There are frequent moments of unadulterated movie joy, mainly in the flying scenes, and I am not ashamed to say I actually had tears in my eyes at two or three points when image, music, sound and emotion merge perfectly to create indelible, transcendent cinema. I was watching it on my own in the auditorium with a massive hangover, so maybe I was just feeling lonely and fragile, but still...

As Hiccup uses his connection with Toothless to bridge the gap between their two species, the "can't we all just get along" message may become a little hackneyed for some, there are perhaps too many juvenile flourishes (characters named Snotlout, Ruffnut and Tuffnut? Really?) to capture every adult's imagination, and there will be a great many people with unanswerable questions (How come all the grown-ups are Scottish and the kids are American?), but this is, overall, a singularly enjoyable piece of family entertainment.

"Dragon" is much more in line with "The Iron Giant" or many of Pixar's stellar output than Dreamworks' usual celebrity-voice/pop-culture reference-fests. With this, "Kung Fu Panda" and "Monsters vs Aliens", Dreamworks are finally beginning to spread their wings; and "Dragon" is the highest they've soared yet.

Sunday, 6 June 2010

The Projectionist's Apprentice

A death match has been instigated in my place of work. Two people pitted against each other in a battle of wills, skills, thrills and spills. It's like Thunderdome up in here. Two men enter. One man leaves.

Due to the upsetting departure of one of our team , we had to advertise for a replacement. It ended up that the only people to make it past the interview stage where two chaps who already work at the cinema: our "Ghost" projectionist (meaning "part-time") and a lad who jockeys pop-corn downstairs.

In an arguably bizarre and sadistic managerial decision, my boss, The Man Who Knows, chose to split the available hours between the two of them for a training period and then see who is right, and who is dead.

Well, not dead, but whoever doesn't get the full-time position will be cast back downstairs to live among the cash-jugglers, broom-drivers and ticket-rippers which, after you've had a taste of the solitude of projection, is akin to being booted out of heaven into a really noisy and annoying hell. A fate worse than death.

This is all funny enough, but the worst part of it, for me (and what else matters?) is that I have to do some training. Training bothers me because I always feel like I'm patronising people. "You put this here, yeah? And then move that, right? And then do this, you see?" I just expect them to go: "It's not fucking rocket-science, is it mate?" and stomp me in the throat or summat.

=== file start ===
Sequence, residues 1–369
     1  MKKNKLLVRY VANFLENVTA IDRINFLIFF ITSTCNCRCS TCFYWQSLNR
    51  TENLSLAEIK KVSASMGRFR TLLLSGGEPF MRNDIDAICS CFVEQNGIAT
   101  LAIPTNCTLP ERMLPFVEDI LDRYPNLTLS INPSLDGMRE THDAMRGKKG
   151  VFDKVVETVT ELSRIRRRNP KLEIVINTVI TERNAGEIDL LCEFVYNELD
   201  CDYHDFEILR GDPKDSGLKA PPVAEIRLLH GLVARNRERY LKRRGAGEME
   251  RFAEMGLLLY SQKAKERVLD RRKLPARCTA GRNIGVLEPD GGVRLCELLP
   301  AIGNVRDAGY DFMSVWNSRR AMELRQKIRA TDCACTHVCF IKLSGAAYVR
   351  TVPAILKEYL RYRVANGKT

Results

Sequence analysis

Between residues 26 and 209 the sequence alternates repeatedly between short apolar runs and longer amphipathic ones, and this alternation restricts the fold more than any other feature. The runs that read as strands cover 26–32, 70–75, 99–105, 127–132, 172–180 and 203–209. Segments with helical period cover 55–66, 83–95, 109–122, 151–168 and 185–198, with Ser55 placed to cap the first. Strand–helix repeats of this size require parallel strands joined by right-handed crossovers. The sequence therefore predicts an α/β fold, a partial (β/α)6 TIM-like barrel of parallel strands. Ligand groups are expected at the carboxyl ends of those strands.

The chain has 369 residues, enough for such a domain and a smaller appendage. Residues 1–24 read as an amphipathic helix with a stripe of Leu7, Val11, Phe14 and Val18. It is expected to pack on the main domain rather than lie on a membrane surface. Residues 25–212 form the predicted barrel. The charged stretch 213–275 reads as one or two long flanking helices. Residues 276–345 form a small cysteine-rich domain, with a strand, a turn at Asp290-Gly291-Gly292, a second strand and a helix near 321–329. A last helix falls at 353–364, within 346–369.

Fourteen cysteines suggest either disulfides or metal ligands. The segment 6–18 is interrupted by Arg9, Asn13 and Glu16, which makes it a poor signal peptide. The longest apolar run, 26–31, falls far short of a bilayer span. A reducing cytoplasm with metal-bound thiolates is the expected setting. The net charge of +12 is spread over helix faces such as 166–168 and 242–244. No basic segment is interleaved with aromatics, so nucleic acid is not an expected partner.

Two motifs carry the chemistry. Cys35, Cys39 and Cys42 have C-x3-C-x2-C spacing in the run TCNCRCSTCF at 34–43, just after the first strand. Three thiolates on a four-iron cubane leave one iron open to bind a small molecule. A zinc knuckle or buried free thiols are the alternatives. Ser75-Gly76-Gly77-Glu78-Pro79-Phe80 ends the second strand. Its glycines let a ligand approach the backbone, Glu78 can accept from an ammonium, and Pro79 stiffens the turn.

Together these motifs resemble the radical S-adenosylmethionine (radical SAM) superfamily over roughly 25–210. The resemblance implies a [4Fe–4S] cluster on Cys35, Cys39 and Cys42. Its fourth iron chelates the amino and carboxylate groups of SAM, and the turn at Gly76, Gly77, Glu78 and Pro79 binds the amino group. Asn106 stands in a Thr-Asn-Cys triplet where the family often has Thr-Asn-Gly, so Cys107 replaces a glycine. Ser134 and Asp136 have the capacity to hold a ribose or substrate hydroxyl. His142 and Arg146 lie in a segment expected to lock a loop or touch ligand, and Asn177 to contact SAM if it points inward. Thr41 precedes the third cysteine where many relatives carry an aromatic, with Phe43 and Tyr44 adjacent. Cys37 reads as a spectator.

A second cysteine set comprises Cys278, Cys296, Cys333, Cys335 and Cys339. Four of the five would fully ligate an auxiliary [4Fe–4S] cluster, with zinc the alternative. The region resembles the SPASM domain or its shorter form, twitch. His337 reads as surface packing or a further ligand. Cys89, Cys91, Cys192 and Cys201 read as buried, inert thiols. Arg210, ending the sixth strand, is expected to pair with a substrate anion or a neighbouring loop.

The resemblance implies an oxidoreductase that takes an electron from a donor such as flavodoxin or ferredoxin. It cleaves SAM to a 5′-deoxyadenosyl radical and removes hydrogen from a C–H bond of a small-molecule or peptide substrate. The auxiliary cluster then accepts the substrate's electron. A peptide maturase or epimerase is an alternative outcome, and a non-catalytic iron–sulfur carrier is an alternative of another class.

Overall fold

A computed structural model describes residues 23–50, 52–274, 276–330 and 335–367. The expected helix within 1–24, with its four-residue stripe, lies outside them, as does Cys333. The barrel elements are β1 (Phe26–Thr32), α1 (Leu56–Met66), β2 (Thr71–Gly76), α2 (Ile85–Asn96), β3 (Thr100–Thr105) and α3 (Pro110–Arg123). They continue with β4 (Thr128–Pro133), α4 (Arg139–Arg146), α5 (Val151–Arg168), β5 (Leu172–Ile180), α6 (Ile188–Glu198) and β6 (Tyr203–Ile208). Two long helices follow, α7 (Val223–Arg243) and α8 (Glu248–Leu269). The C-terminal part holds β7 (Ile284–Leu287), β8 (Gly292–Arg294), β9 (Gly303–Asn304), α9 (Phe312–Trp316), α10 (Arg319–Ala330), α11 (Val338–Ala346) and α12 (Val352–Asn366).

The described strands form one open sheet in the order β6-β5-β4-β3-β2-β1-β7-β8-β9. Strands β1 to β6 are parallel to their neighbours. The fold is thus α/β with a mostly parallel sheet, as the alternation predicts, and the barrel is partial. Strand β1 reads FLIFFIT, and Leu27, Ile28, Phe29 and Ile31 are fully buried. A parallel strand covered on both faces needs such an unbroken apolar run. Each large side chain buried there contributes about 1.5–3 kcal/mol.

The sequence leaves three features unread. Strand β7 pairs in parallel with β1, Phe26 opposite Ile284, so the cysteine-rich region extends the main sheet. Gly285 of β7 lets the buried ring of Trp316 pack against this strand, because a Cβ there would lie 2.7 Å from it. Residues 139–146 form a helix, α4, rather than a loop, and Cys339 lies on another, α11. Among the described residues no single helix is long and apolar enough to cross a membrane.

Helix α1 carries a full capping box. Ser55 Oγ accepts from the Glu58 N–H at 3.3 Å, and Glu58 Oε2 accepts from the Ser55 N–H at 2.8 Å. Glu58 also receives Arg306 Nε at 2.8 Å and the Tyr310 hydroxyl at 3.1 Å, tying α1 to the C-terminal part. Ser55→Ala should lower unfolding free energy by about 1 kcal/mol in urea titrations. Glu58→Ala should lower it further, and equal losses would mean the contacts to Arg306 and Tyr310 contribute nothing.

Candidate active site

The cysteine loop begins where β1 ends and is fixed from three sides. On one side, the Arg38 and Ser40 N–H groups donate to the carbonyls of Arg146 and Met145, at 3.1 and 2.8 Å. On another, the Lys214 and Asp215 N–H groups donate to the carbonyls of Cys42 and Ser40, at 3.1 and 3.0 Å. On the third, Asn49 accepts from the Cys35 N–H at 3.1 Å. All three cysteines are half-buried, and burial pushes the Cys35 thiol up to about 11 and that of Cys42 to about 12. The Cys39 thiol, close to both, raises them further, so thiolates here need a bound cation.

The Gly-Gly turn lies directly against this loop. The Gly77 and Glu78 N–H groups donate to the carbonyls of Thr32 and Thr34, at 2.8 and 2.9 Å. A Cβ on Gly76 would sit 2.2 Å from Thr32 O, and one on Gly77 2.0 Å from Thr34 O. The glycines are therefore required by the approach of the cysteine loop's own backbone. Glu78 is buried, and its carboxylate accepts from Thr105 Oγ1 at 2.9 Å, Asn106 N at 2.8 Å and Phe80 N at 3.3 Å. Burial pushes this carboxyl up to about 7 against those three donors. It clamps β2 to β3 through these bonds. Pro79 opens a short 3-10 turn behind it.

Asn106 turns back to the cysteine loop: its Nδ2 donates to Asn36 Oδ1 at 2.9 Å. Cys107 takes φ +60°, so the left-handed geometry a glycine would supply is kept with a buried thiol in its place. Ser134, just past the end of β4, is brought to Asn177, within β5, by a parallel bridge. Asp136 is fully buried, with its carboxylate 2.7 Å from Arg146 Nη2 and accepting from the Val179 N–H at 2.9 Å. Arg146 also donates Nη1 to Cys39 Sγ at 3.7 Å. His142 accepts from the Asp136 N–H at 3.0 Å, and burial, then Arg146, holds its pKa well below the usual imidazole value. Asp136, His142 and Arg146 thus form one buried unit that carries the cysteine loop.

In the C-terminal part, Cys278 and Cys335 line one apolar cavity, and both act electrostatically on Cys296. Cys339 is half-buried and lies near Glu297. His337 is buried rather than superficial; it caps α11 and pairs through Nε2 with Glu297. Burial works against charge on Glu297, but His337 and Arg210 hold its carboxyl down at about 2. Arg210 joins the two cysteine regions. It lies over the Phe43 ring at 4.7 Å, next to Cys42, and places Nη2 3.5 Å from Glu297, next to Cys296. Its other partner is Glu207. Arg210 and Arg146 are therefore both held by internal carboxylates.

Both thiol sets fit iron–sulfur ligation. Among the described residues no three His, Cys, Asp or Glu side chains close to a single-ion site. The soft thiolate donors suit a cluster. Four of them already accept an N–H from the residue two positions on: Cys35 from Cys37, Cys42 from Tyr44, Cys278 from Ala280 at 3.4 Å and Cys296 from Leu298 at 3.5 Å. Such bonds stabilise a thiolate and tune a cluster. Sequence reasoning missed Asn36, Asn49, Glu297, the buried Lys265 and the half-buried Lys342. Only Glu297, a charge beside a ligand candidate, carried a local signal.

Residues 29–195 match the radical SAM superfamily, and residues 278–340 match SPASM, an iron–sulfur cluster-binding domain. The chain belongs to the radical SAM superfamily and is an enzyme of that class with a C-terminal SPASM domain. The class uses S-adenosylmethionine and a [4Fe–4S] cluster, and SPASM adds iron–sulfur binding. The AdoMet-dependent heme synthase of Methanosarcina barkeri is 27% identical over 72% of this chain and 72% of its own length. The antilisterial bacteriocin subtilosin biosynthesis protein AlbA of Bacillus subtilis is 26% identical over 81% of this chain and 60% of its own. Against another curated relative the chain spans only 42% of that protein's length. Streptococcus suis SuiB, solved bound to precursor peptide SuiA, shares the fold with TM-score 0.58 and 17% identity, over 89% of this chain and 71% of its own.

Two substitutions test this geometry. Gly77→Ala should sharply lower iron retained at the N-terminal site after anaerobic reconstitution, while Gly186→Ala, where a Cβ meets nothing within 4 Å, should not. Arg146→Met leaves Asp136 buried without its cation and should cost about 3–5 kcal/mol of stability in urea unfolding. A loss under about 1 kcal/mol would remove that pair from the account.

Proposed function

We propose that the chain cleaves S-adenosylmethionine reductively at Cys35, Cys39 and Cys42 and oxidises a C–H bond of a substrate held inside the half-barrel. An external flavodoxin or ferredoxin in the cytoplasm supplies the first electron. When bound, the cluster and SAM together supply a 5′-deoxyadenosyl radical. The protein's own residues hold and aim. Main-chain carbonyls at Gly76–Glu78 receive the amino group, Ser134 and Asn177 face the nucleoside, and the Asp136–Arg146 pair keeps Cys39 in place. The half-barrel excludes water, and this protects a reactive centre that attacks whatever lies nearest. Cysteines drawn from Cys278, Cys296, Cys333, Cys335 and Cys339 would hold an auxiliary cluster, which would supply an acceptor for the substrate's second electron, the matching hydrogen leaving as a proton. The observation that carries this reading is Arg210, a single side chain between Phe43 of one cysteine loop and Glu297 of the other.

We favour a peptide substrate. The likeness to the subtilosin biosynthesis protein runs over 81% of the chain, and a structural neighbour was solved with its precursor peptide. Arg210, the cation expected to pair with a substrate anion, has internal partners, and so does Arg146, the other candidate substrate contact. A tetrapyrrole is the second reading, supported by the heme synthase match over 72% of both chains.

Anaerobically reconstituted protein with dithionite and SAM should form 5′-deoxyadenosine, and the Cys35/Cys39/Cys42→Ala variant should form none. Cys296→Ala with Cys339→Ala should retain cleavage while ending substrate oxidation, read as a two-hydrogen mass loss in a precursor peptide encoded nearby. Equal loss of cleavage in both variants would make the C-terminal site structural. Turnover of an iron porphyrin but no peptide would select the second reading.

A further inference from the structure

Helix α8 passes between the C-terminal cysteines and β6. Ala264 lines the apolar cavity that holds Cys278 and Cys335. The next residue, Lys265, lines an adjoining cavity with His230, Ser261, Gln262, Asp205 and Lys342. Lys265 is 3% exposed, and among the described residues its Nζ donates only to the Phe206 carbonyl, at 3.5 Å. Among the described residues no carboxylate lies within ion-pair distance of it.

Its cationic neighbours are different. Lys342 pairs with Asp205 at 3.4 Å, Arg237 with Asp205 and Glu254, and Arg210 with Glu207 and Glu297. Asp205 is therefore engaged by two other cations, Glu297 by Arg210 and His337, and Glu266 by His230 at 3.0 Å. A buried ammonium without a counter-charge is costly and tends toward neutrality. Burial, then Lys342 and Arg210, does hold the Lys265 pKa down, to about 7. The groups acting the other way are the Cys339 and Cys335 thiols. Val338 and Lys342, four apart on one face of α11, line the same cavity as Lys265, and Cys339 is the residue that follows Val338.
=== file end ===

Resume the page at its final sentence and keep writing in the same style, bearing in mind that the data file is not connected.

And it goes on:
There's also the tragic irony of me being asked to impart wisdom when I pretty much make up what I do as I go along. I can remember a training day when I was taken around the booth, being shown a large number of things which would kill me if I touched them or used them incorrectly. I remember the feeling of impending danger and imminent threat, but can I remember what the threats were? Can I recall where on the platter tower there is a switch or circuit or something just waiting to blast me across the room when I poke it with my ignorant finger? Can I bollocks.

So the combination of learning my bad habits and being made to compete in some macabre, low-rent, shadowy version of "The Apprentice" leaves me feeling a distinct lack of envy for my fellows. May the best man win?

Wednesday, 2 June 2010

Sex and Escapism


A while back, when asked about the unprecedented success of "Mamma Mia!", Meryl Streep stated: "I knew it would do well because it was aimed at an audience that has been neglected in recent years in film offerings: women".

What follows may contain a great many sweeping generalisations akin to Meryl the Peril's claim.

Let us think about the phrase "chick-flick" for a moment. It sounds like a derogatory term; conjuring images of sappy, romantic cliches and happily-ever-after platitudes. Chicks don't want complex, challenging, thought-provoking cinema, do they?

To suggest, as Streep did, that Mamma Mia gave women what they wanted from cinema is a huge insult to the female populace. Women want insipid romance, flat karaoke versions of songs they know and the overall ambiance and emotional resonance of a drunken hen night?

But, of course, Mamma Mia is just a bit of fluff. Escapist entertainment. Not to be taken seriously.